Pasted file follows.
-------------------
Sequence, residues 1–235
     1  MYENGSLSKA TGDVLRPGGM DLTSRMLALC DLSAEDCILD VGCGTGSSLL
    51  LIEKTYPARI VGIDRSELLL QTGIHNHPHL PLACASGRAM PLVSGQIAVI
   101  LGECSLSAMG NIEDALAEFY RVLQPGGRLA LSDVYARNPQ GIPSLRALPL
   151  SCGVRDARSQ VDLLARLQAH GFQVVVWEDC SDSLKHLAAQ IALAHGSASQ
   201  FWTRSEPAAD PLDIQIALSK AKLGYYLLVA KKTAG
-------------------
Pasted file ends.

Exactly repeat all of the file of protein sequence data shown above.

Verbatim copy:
Sequence, residues 1–235
     1  MYENGSLSKA TGDVLRPGGM DLTSRMLALC DLSAEDCILD VGCGTGSSLL
    51  LIEKTYPARI VGIDRSELLL QTGIHNHPHL PLACASGRAM PLVSGQIAVI
   101  LGECSLSAMG NIEDALAEFY RVLQPGGRLA LSDVYARNPQ GIPSLRALPL
   151  SCGVRDARSQ VDLLARLQAH GFQVVVWEDC SDSLKHLAAQ IALAHGSASQ
   201  FWTRSEPAAD PLDIQIALSK AKLGYYLLVA KKTAG